Competition among companies providing customer communications and marketing solutions has increased development and creativity among software offerings. Gone are the days where you depended on the receptionist to call at the end of the day to remind clients of their impending appointments the following day. Instead, technology provides a portal for online interactions. Big data is also impacting marketing efficacies. With the increase in data being input into platforms, there are many ways to help practices target and market to smaller demographics. Take for instance a diagnostic result that is out of the reference range that could indicate the first-line treatment of a therapeutic diet.
There are 79.7 million homes that have a member of their family that shows their affection by licking, wagging their tails, or shaking their feathers. Pet owners are also showing us how much their pets are a part of their family by the sheer number of dollars being spent each year.
Millennials have officially surpassed the Baby Boomers as the largest living generation. According to the Pew Research Center, the Baby Boomer population will decline from 74.9 million in 2015 to 16.6 million by mid-century. What does this mean for the animal health market? Millennials are known spending large amounts of time on mobile devices. Doesn’t it make sense to speak the language of the largest living generation by incorporating technology into how they interact with their pet’s health care providers and services? Using applications, chatbots, and predictive healthcare analytics, Millennials are allowed to take a bigger role in the care and decisions regarding their pets.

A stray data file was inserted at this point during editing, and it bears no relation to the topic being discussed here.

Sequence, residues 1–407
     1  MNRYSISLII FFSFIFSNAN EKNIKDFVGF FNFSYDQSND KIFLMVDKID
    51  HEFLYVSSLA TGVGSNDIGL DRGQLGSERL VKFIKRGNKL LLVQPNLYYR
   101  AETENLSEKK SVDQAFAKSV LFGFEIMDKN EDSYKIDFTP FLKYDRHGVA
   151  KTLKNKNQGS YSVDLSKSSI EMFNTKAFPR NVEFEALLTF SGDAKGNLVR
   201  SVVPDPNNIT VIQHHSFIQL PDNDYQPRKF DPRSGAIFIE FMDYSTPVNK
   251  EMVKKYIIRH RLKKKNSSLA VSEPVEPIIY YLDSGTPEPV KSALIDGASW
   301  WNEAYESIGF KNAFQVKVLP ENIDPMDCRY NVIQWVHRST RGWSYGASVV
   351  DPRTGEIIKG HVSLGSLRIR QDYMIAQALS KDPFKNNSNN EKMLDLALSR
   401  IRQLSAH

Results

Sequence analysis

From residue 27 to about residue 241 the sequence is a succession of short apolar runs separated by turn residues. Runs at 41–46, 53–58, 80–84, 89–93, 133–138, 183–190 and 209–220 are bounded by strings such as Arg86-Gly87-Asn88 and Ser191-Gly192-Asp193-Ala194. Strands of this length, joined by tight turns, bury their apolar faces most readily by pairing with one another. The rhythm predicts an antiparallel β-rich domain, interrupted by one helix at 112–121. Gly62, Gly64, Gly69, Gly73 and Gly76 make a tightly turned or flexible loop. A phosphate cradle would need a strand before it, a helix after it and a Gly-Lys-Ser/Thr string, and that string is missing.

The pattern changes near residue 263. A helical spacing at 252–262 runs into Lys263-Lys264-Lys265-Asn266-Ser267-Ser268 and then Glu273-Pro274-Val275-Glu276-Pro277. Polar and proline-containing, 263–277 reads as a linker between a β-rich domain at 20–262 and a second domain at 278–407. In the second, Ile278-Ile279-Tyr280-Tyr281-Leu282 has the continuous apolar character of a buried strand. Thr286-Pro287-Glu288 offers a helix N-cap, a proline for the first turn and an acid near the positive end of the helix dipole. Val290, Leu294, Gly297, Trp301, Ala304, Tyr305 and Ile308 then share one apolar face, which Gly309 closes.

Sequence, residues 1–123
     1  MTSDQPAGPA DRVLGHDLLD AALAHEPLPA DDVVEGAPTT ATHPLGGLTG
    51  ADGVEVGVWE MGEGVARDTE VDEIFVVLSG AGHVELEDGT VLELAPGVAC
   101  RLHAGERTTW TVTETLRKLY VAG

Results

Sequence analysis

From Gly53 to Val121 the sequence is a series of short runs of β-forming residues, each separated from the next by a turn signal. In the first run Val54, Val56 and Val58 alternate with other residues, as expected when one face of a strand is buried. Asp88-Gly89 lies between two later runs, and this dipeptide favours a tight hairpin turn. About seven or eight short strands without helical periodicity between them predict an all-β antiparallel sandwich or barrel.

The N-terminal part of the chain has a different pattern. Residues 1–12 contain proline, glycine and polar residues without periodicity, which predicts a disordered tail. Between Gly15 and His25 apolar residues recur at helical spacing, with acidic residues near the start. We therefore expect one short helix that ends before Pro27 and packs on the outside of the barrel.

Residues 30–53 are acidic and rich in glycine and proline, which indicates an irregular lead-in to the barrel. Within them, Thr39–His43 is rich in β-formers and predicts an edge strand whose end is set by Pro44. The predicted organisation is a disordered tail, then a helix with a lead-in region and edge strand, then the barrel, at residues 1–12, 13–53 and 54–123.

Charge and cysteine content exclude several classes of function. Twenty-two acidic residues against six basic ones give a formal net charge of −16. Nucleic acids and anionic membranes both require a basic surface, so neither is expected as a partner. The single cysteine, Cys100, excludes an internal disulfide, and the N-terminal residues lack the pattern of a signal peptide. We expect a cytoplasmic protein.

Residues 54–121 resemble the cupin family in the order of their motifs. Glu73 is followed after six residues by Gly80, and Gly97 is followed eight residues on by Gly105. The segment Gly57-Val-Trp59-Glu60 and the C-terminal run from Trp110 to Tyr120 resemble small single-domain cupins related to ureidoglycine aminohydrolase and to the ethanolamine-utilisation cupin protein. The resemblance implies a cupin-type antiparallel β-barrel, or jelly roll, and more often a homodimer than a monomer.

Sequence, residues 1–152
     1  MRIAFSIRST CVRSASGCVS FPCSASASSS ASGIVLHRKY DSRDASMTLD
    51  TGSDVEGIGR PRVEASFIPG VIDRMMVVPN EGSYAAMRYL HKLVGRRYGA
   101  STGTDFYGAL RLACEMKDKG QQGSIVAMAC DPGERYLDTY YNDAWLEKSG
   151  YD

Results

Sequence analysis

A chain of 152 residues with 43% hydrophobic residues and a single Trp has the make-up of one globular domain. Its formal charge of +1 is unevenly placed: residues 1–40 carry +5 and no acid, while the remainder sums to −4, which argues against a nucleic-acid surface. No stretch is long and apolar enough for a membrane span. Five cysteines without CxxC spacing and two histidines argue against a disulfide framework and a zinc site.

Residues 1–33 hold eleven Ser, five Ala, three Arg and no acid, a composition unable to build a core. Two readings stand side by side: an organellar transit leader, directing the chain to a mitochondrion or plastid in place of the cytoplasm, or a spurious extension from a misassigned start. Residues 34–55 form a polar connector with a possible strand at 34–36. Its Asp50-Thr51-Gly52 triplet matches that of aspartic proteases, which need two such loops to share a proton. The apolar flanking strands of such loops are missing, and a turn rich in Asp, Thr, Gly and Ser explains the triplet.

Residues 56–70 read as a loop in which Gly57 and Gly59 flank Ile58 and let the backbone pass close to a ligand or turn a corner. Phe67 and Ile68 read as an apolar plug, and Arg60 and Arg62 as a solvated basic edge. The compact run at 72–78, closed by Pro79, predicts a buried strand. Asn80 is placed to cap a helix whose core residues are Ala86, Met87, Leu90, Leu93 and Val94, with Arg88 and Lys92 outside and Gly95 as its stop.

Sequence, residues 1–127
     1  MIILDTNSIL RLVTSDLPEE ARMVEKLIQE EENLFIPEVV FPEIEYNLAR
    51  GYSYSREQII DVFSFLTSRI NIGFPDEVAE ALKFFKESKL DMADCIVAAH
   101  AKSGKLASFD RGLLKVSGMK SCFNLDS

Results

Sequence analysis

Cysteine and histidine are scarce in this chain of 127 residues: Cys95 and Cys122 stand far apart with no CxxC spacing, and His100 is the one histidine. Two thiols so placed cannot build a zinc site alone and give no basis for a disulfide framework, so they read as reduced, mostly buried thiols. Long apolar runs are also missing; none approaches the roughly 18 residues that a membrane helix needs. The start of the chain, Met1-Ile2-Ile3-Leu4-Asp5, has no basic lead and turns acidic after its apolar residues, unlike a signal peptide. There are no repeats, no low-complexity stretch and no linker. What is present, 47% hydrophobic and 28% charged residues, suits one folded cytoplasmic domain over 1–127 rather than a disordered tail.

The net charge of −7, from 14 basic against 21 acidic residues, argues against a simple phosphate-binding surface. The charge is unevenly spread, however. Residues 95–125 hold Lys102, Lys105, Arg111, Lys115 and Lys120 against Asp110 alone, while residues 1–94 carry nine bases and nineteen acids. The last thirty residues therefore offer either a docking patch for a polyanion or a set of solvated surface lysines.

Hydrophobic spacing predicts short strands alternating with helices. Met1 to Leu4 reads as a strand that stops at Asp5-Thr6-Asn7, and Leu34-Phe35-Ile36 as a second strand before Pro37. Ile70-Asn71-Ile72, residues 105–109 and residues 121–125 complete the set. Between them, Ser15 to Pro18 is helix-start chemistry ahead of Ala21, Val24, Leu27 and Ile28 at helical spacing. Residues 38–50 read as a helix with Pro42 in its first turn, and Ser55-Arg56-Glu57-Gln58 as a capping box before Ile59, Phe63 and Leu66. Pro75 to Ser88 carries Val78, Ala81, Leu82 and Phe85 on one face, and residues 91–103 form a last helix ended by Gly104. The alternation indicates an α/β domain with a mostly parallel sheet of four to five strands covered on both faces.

The size of the companion animal market is split between food supplies, over the counter medications, veterinary care, live animal purchases, boarding, and grooming. With the amount of data that is collected and increasing as technology improves, there is a greater need to provide solutions to organize data.
The power of this data does not simply come from the input of information in practice management systems, but the integration of additional external data points. Turning big data from the companion animal market into easily accessible reporting tools is a static approach that the market has access to through extraction, transforming and loading utilities. The challenge for the future is to envision ways to project trends and integrate other data points to truly begin to transform this market.